Sooo... Here we go. :P
The Paradox of Vertical Flight was named a Fall 2013 New Voices pick by the ABC children's group at ABA (the American Bookseller's Association).
"The 2013 New Voices Committee spent the tail-end of the summer reading more than 50 titles for kids and teens by first-time authors. Committee members read, voted on, and selected 10 noteworthy and exciting debuts publishing between July 1 and December 31, 2013, in two categories: Ages 8 – 12 and Teen." LINK
Kyle Warren, of the Boulder Book Store--in, you guessed it, Boulder, Colorado--had the following kind words to say about Paradox:
"Brimming with honesty, absurdist adventure, and philosophical pondering, this book is a refreshing trip down the rabbit hole of potentiality, meaning, and existence itself. Jack's journey encapsulates the beautiful juxtaposition of
youth and maturity alongside an infinite yearning for understanding in this confusing world. One of the most true-to-heart novels to appear in the genre for some time." LINK
Also... Paradox has received it's first professional review! Here's what Kirkus had to say:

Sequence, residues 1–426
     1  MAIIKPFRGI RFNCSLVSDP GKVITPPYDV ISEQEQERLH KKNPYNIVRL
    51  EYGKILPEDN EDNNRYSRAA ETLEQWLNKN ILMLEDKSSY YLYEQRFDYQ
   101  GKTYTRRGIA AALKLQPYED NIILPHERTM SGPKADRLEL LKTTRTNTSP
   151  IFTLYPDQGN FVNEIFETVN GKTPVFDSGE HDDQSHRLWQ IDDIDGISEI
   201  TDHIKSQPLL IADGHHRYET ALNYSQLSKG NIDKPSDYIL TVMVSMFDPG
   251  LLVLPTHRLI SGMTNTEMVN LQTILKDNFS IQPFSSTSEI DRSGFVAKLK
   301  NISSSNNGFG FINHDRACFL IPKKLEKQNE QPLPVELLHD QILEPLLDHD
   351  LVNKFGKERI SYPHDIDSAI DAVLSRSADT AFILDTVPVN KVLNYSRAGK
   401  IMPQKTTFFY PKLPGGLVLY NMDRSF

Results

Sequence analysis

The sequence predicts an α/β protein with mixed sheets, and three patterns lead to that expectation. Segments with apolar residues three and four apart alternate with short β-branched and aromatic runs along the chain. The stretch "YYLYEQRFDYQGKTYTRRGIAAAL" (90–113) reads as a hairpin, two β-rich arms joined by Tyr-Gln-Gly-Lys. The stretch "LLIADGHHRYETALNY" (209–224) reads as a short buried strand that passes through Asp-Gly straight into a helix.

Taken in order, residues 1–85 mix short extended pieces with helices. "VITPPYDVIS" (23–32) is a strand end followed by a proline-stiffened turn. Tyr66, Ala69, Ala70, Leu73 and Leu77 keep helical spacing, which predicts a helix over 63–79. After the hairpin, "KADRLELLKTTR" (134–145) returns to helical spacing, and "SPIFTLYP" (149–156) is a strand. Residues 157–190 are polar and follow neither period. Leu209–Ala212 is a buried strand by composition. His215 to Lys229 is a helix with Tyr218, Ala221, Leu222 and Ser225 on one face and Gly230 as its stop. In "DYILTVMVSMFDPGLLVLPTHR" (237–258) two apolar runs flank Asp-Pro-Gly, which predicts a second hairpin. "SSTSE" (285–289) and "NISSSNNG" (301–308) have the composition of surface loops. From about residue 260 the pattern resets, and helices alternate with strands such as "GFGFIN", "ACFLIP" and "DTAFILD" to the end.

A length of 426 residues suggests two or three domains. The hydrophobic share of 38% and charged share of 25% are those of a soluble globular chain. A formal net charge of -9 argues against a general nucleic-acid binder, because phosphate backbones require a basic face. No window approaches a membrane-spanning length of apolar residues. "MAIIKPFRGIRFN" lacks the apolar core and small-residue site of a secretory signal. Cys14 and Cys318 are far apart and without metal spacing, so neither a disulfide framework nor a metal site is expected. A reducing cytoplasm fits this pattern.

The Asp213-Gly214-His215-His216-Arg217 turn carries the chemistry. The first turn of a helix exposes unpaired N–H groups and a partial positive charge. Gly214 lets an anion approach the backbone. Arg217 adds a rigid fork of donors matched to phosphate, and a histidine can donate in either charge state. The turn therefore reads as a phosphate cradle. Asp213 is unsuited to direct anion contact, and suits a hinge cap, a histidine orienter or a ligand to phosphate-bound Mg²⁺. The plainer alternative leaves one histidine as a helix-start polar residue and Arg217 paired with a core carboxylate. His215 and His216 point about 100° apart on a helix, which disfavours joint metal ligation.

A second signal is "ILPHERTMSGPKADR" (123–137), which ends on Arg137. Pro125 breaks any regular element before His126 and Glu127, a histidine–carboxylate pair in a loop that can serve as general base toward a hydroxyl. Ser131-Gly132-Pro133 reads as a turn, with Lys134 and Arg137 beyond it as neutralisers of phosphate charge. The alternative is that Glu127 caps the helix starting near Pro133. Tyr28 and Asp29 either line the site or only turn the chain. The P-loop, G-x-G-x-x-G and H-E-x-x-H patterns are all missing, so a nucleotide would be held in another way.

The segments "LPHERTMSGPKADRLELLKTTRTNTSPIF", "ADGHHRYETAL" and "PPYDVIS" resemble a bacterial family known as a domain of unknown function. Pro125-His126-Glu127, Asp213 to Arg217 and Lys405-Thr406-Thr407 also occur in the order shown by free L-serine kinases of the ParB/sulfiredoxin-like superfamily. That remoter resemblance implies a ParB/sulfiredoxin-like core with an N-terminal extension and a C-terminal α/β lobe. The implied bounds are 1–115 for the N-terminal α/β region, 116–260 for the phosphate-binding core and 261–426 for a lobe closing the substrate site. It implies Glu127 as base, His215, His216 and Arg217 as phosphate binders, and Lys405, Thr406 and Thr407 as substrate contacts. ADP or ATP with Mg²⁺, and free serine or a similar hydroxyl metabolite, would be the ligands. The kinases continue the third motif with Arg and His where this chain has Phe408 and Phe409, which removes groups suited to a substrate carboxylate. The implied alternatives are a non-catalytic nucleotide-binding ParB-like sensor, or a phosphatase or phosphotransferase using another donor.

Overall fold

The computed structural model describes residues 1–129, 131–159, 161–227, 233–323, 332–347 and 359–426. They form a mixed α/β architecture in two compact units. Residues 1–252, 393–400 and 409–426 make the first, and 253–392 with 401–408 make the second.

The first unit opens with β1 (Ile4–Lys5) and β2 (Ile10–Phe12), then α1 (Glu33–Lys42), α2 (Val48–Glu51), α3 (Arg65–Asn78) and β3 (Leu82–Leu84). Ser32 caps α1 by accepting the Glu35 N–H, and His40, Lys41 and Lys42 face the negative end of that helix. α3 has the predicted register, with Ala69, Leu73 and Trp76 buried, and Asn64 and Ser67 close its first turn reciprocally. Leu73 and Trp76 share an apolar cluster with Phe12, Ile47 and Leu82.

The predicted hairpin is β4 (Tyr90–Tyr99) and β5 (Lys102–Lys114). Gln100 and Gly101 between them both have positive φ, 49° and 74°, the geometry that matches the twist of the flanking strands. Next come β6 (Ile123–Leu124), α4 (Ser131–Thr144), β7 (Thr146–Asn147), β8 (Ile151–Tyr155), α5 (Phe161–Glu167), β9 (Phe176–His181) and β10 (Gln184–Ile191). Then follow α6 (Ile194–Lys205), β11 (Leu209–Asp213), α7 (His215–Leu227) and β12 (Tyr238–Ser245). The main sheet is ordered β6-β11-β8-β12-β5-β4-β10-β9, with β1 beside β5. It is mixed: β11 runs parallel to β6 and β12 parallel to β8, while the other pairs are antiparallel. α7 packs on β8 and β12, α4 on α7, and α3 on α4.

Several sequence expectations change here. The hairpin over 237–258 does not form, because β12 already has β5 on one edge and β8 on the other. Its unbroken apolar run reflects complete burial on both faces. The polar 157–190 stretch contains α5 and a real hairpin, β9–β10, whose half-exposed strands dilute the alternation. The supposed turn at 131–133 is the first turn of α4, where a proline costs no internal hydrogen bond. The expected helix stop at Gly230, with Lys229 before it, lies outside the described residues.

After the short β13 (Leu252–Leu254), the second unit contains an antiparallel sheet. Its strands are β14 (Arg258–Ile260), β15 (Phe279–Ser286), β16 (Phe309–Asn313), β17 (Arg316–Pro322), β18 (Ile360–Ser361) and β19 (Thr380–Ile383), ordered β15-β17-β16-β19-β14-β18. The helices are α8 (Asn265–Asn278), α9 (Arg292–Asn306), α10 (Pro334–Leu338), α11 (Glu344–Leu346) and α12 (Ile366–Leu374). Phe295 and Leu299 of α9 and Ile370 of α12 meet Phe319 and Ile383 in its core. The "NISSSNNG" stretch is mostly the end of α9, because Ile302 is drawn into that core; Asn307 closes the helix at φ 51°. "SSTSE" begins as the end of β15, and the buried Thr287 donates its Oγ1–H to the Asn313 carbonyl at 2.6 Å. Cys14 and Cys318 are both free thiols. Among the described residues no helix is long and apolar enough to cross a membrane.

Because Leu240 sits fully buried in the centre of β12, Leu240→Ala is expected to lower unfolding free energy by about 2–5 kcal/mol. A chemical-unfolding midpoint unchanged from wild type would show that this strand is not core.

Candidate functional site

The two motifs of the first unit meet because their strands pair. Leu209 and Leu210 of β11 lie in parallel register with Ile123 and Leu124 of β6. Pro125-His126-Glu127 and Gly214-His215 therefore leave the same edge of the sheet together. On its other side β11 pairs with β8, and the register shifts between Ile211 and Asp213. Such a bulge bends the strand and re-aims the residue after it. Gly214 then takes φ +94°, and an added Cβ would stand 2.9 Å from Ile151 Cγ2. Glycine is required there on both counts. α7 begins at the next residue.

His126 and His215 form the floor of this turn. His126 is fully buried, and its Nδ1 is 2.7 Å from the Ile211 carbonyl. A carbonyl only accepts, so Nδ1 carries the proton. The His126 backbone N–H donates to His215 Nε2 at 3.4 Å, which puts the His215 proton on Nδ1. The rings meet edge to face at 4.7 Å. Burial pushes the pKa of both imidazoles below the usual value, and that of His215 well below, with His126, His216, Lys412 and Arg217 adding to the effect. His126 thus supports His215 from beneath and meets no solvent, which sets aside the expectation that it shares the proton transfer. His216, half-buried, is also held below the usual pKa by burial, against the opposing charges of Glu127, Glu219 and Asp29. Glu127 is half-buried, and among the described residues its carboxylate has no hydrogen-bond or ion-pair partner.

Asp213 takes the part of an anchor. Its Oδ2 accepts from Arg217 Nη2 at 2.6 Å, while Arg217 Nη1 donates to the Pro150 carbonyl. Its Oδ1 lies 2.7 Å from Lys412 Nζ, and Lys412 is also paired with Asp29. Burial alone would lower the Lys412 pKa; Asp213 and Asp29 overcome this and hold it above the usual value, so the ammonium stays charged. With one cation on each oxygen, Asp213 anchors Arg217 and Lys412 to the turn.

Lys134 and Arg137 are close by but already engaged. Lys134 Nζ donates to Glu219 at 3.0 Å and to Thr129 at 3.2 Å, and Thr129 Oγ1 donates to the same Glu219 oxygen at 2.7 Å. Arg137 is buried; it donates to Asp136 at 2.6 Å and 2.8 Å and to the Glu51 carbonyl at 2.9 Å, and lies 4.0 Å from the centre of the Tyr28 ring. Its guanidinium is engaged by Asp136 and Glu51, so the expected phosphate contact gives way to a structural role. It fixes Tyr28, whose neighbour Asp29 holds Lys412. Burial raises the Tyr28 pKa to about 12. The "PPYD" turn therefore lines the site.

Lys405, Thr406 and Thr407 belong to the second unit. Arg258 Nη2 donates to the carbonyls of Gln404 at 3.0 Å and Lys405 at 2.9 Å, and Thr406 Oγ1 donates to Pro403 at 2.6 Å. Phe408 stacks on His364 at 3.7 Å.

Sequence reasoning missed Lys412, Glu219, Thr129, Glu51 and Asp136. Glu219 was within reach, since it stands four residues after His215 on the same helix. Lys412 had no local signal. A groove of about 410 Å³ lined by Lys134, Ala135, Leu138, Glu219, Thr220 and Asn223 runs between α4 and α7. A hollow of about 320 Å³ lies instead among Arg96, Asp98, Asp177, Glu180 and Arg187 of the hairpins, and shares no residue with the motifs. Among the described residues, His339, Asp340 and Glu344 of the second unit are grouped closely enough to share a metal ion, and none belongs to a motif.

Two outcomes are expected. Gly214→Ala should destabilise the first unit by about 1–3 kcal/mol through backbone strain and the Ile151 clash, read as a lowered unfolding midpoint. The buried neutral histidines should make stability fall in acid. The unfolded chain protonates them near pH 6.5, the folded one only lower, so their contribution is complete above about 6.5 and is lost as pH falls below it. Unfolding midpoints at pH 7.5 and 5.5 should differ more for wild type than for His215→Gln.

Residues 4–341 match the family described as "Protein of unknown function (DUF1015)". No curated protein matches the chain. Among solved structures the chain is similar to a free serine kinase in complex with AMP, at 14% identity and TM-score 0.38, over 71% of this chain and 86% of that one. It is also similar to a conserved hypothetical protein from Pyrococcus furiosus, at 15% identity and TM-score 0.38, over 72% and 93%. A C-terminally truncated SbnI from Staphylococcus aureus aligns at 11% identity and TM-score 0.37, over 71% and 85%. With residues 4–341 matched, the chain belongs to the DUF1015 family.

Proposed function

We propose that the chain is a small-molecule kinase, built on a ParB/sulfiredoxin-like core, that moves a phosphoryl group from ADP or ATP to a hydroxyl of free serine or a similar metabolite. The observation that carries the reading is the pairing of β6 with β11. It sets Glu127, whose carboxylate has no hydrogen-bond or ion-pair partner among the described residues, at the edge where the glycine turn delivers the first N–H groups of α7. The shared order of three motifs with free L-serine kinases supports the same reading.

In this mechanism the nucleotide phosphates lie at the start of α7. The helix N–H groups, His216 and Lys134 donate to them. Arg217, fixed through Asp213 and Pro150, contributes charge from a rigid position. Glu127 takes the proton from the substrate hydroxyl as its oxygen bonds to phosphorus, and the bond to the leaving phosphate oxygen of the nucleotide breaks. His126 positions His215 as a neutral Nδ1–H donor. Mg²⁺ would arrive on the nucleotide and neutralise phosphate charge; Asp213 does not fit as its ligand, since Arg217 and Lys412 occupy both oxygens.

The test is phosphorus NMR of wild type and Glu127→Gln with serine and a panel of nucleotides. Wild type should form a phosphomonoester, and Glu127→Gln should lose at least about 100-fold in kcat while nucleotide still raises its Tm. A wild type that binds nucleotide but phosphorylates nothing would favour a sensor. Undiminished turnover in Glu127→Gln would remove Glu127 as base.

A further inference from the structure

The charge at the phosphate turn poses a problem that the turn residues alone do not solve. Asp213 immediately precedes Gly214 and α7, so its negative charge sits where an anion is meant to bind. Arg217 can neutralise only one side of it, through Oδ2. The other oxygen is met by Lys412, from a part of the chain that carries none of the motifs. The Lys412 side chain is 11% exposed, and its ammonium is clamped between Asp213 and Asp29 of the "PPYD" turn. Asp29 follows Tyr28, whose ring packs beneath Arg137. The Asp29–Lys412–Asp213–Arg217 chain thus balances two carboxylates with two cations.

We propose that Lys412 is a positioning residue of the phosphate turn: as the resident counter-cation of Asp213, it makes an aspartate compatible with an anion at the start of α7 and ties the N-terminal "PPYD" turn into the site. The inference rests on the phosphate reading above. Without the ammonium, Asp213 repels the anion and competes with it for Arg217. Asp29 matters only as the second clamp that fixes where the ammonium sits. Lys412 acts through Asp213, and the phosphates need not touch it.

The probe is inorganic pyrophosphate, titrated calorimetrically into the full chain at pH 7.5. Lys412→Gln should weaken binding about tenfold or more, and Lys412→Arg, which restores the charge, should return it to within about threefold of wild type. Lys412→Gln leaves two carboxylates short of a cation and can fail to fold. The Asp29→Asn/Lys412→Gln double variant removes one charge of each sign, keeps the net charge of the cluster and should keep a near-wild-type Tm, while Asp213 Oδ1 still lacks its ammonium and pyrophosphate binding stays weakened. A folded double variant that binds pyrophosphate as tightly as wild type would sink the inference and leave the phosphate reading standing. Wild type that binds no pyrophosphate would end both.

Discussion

"Alone and angst-ridden in his boarding school dorm on his 18th birthday, Jack is contemplating suicide by painkiller when he learns his ex-girlfriend is giving birth.
Though she listed the father as “unknown,” Jess, 20, invites Jack to meet his son before relinquishing him to adoptive parents. Overwhelmed, Jack scoops the baby up and runs, naming him Socrates. Vehicularly challenged, Jack
persuades his best friend to drive them. Stopping for Jess, they embark on an eccentric road trip from Bangor, Maine, to upstate New York. Along the way—when not shopping for formula, changing diapers, arguing over trivia with Tommy and bickering with Jess—Jack conducts a funny, heartfelt imaginary dialogue on the meaning of life with little Socrates. These amiable meanderings through ancient
Greek philosophy are the novel’s heart and soul. Channeled by a talented, millennial author, these age-old conundrums of good and evil, fate and free will feel fresh and urgent. Readers seeking to decode the generational genome will find plenty to ponder here. Bromance trumps romance; Jess is more scold than soul mate. Socrates is a remarkably obliging newborn. (Margaret Bechard’s Hanging on to Max, 2001, and Angela Johnson’s First Part Last,2003, present far more realistic views of teen fatherhood.)
Inconsistent temporal markers (dates aren’t specified) are briefly distracting, but Jack's quest for meaning holds reader attention all the way. (Fiction. 14 & up)." LINK
The book comes out on September 24th!